Spending a lot of their musical career beating off unwanted genre tags, 65daysofstatic have finally come out of the closet as a sort-of-electronic-dance group.
People are treating We Were Exploding Anyway as if it was the most controversial thing to be released upon the planet since Berlusconi. Fans have been split down the middle, some saying this is their Sistine Chapel masterpiece and others with their pitchforks and beacons of fire are claiming they’re nothing but witches and traitors to the post-rock club. I am a member of the former group.
This is not the first 65 album to be laiden with electronics. In former works such as The Fall Of Math electronics are ever-present, whether or not it was at the forefront of the music. We Were Exploding Anyway feels like that subtlety has been released from its cage and produces in-your-face bionic drum beats and arpeggiated synthesizers worthy of The Prodigy or Pendulum, without the guilty pleasure aspect and with so much more on offer beneath the surface.
The monotonous pounding bass and off-kilter drum thuds of opener Mountainhead delivers a massive ‘fuck you’ from the Sheffield band to any fan who wanted 65 to string out their entire existing discography on repeat for the rest of eternity. These are true experimental musicians in that they foray in to new genres to provide something new and fresh for themselves and fans alike. That’s not to say there aren’t elements of the ‘classic’ 65daysofstatic on this album, sparse and simple melodies with a myriad of complex rhythms remain.
You know you’re good at sound production when The Cure’s Robert Smith grants permission to manipulate his voice any way the band sees fit. The track Come To Me is the finished result. The song alights upon ambient hums before the familiar glockenspiel sound of Radio Protector enters. Vocals on a 65daysofstatic track are unexpected enough without it being that of a post-punk/new wave hero. This track is a real mix of the old and the new styles, a breakdown and built up with rolling drums and gritty repeated guitar before a satisfying explosion of sound that reveals the neverending energy the band exudes. The song ends in a cyclical manner as the humming ambience returns in the form of strings that ease you out of the song and on to the next.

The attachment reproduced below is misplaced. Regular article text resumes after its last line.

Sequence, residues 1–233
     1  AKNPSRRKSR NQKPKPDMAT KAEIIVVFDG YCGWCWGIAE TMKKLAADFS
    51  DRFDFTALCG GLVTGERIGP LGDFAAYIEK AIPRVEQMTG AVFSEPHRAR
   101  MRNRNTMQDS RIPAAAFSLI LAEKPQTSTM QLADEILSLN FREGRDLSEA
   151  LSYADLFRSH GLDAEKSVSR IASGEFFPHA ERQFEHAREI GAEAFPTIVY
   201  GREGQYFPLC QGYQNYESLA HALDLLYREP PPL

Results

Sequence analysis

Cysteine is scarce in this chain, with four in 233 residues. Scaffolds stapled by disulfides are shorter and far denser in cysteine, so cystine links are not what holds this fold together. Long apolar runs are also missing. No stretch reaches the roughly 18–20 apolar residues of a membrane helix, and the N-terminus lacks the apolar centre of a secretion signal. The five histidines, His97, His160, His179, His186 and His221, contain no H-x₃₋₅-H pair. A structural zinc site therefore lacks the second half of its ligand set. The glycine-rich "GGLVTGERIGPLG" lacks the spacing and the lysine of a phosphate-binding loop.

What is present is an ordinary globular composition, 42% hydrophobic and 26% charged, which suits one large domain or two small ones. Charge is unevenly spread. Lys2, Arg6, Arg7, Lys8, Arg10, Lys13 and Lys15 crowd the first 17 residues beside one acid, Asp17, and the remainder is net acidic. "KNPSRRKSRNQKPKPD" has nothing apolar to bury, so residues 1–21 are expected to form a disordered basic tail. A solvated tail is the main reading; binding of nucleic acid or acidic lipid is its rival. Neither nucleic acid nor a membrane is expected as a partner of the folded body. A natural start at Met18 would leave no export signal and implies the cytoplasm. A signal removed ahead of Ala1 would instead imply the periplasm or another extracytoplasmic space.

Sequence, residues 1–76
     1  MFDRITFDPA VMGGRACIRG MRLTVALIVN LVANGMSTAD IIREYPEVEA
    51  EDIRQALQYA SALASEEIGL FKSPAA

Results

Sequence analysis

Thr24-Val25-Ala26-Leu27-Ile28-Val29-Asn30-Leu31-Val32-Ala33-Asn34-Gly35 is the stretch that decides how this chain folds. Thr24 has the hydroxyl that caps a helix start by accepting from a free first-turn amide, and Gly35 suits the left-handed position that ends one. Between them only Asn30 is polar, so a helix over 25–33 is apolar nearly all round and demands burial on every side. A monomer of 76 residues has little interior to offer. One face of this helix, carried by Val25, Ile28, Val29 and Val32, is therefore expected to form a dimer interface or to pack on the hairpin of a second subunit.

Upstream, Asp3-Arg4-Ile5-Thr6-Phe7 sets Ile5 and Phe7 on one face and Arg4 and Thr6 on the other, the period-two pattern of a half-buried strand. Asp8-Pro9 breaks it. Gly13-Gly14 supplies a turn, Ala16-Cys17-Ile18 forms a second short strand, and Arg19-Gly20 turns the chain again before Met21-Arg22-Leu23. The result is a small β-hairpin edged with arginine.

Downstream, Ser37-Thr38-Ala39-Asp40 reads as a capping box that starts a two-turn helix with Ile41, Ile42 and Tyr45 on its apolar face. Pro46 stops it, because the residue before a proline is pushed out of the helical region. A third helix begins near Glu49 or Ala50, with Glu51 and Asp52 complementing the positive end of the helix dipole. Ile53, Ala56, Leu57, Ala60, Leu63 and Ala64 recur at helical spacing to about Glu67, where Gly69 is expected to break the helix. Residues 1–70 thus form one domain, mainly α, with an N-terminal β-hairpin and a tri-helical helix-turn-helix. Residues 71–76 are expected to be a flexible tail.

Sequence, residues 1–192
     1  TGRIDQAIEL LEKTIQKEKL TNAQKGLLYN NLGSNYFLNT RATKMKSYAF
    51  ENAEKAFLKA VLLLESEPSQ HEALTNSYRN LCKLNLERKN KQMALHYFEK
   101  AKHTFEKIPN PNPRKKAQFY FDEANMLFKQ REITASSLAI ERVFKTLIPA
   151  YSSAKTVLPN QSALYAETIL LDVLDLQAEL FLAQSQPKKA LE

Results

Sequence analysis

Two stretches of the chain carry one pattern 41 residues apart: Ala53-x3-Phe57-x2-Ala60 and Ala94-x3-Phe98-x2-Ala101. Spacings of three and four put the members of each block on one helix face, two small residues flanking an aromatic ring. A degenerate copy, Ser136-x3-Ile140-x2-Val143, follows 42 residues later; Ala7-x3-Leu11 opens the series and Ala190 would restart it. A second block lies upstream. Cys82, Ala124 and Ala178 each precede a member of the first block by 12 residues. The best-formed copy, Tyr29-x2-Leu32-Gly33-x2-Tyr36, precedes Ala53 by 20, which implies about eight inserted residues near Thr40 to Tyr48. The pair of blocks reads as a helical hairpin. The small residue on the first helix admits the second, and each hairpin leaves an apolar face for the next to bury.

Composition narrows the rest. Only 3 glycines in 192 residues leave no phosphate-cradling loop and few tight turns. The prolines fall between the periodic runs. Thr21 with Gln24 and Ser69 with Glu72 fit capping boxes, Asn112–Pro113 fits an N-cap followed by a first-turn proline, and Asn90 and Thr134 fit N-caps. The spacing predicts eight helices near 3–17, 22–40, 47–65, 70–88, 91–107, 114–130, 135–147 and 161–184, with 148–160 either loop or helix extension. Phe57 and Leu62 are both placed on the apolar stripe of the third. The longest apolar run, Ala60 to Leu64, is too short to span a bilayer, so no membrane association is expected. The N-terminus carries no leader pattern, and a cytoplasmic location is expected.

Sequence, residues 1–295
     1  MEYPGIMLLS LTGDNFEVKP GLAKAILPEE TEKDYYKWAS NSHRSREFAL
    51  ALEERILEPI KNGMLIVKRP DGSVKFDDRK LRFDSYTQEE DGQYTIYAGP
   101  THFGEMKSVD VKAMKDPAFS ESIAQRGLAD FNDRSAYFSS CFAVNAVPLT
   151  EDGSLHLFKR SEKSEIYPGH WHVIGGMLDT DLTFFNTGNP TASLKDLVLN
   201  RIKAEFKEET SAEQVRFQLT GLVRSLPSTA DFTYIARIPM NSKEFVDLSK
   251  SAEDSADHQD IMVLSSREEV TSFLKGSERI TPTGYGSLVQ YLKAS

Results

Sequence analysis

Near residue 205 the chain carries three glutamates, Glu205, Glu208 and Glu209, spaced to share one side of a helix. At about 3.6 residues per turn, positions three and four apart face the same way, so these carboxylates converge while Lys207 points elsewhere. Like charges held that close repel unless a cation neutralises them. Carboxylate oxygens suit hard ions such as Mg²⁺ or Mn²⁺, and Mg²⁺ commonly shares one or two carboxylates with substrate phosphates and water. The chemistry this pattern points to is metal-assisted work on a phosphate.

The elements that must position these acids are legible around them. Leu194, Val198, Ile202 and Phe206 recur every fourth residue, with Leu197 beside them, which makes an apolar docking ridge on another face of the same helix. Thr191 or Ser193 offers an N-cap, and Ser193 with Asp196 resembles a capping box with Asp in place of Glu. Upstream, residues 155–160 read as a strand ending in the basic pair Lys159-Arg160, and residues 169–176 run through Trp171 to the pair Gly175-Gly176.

10 minute long closer Tiger Girl is the most arresting piece of 65 music put on record since Radio Protector. A minimalistic track with a long build up gradually adding layer after layer that would do Mike Oldfield proud. This track is the most keyboard orientated of the album and fluttering synth is the catalyst to the climax of echoing guitar, explosive, crashing drums and sweet keyboards continuously raising higher in pitch before the song falls away into a fadeout of digital feedback.
This album feels like the kind of music 65daysofstatic has been yearning to get out for a long time. As I prevously mentioned, while some mere fools have dismissed this album as something that has strayed too far from its roots, 65daysofstatic are the band to watch for surprises such as this little gem.
Like a good wine, 65daysofstatic only get better with age, so let’s see what else they have tucked up their sleeve in years to come.
We Were Exploding Anyway by 65daysofstatic is available now.